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Employee Burnout Defined: Causes and Tips to Prevent Burnout

iconEngagement icon3 min read
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Employee burnout is as real as a global pandemic. If you’re an employer on any scale, chances are you’ve noticed lackluster productivity, decreased collaboration, or a dip in enthusiasm from an employee at some point. If you’re curious or worried about burnout (and you should be), you should know how to recognize the signs, causes, and how to mitigate it in the future.

Employee burnout defined

The World Health Organization defines employee burnout as:

 “a syndrome conceptualized as resulting from chronic workplace stress that has not been successfully managed. It is characterized by three dimensions:

  1. Feelings of energy depletion or exhaustion;

  2. Increased mental distance from one’s job, or feelings of negativism or cynicism related to one’s job; and

  3. Reduced professional efficacy

The definition of burnout is interesting because it specifically defines burnout as a work-related problem. As such, it falls on employers to at least be familiar with the phenomenon in order to address it. 

The causes of employee burnout

The causes of employee burnout are not particularly surprising nor rare for modern workers. Common causes include:

  • Insufficient resources to fully meet job responsibilities

  • Ambiguous roles and fuzzy responsibilities

  • Limited feedback from peers, supervisors, and/or managers

  • Too much work and not enough time, team members, or resources

  • Restricted opportunities for growth or input

  • Lack of reward, whether fiscal or otherwise

  • Skill mismanagement

These are a few common causes but by no means encompass why an employee becomes burnt out or disengaged from their work. Often, a combination of factors - both professional and personal - cause an employee to exhibit signs of burnout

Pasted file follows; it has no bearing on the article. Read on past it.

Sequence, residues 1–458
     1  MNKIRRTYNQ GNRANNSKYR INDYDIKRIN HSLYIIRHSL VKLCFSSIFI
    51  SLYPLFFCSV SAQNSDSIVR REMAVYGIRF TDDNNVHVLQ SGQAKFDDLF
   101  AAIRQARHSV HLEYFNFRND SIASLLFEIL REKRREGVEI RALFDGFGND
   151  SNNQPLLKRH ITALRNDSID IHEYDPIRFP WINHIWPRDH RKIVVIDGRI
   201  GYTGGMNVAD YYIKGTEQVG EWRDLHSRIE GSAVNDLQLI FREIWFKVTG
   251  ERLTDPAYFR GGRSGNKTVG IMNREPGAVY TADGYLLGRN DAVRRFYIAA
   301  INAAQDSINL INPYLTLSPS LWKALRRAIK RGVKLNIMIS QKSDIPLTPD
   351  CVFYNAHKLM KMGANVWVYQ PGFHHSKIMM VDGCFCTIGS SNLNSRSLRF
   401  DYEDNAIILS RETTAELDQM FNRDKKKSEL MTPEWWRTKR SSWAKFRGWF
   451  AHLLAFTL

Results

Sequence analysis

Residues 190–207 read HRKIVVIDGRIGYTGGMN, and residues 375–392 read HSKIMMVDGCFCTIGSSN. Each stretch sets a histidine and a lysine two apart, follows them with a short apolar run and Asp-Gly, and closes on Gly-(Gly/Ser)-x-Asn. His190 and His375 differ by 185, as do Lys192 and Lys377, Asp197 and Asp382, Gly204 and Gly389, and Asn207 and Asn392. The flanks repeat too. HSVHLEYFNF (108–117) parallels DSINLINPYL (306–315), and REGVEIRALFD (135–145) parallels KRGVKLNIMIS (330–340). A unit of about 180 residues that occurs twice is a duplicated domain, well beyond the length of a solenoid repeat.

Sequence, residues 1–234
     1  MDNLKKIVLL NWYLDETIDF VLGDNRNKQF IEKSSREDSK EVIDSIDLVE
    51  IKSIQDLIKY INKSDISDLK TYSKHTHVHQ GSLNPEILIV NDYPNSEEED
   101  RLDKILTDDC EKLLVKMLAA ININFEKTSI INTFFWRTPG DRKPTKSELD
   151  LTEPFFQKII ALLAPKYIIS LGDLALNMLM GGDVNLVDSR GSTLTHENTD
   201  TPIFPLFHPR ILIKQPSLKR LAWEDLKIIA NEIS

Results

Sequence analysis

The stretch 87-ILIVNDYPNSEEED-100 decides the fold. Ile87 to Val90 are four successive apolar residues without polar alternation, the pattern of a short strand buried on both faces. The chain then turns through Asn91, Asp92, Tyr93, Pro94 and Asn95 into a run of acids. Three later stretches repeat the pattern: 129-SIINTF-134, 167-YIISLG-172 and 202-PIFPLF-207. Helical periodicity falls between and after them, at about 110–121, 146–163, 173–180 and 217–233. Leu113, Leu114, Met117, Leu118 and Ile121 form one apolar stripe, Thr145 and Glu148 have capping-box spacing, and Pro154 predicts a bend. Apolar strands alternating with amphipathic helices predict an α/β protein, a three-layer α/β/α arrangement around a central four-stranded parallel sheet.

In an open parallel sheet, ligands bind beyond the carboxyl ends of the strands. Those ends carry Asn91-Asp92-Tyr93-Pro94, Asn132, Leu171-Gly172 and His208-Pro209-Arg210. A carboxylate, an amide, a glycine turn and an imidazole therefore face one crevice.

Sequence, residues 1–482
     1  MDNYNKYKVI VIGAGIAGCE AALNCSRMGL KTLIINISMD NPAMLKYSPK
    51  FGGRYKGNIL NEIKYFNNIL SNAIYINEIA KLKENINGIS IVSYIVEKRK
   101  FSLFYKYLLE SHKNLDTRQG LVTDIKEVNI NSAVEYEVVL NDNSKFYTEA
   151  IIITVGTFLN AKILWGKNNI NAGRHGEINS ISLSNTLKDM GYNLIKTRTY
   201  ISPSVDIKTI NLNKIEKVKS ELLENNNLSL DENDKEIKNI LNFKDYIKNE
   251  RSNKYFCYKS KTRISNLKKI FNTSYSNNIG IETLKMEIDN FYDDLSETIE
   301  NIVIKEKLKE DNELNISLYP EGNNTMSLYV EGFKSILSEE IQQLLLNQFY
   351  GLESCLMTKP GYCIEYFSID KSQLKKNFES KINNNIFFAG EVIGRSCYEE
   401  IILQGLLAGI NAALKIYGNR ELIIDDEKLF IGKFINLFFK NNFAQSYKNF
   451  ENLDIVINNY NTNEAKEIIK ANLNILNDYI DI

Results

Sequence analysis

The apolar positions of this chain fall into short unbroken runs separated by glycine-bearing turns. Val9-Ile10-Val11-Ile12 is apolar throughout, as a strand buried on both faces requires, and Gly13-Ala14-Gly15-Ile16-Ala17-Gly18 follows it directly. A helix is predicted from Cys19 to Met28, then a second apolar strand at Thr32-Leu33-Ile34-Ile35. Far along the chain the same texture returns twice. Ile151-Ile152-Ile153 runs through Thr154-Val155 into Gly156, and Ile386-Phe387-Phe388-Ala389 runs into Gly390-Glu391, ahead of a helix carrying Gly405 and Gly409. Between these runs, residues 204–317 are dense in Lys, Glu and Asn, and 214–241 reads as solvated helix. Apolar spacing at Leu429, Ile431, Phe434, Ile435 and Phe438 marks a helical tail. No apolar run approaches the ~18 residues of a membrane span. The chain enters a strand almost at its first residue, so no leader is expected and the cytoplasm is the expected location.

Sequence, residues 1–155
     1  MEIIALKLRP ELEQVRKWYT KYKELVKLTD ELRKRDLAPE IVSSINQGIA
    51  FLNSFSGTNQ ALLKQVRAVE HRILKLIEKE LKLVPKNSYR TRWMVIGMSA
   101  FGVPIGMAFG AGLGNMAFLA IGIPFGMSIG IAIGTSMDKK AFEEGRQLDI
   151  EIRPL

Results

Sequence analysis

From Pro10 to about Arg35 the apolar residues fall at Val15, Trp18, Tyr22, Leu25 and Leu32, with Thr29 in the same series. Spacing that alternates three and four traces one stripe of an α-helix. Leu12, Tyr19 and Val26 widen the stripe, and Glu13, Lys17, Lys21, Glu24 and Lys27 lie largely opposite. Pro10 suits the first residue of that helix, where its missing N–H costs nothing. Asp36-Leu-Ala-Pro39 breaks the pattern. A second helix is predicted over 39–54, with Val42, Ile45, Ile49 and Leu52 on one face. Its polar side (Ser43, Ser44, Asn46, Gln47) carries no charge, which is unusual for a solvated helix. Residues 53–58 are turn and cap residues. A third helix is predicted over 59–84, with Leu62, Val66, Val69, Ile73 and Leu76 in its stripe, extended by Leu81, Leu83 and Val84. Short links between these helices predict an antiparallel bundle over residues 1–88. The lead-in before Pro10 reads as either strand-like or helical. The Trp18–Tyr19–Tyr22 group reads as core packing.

Tips for dealing with employee burnout

1. Reassess workloads

If you’re concerned that the employees on your team are burnt out, take a minute to list out the extra duties each employee has. Is one person shouldering more than their fair share? Can they teach or unload some responsibilities to other employees? If you think there is an imbalance of work take the time to speak with your team to more evenly distribute day-to-day tasks. 

2. Align tasks with employee interests

If you know one employee likes to be more organized and in charge of scheduling events, social media, and emails, align their work duties with these interests if they aren't already. If another enjoys improving processes, is detail-oriented, and focused on smaller details, make sure she’s focused and working on projects that require strong attention to detail. 

3. Show gratitude and recognition

Giving and receiving feedback can make people uncomfortable. After all, it’s a little awkward to dote over small accomplishments if it's otherwise outside of your character. But if you’re worried about a particular employee suffering from burnout, take a few minutes at the end of the day or week to say thank you or well done. 

4. Ask for employee’s feedback and input

Check in with your employees about what is going well, what they wish they could change, and what they’re satisfied with. If you notice an otherwise vocal employee is voicing less and less opinions, it’s a pretty decent sign they’re less engaged and likely burnt out.

Recognizing the causes of employee burnout allows you to act and hopefully mitigate the negative side effects of disengaged employees. Remember, it’s easier (and cheaper!) to speak with and realign a burnt out employee than it is to go through the hiring process to replace them if they decide to quit. 

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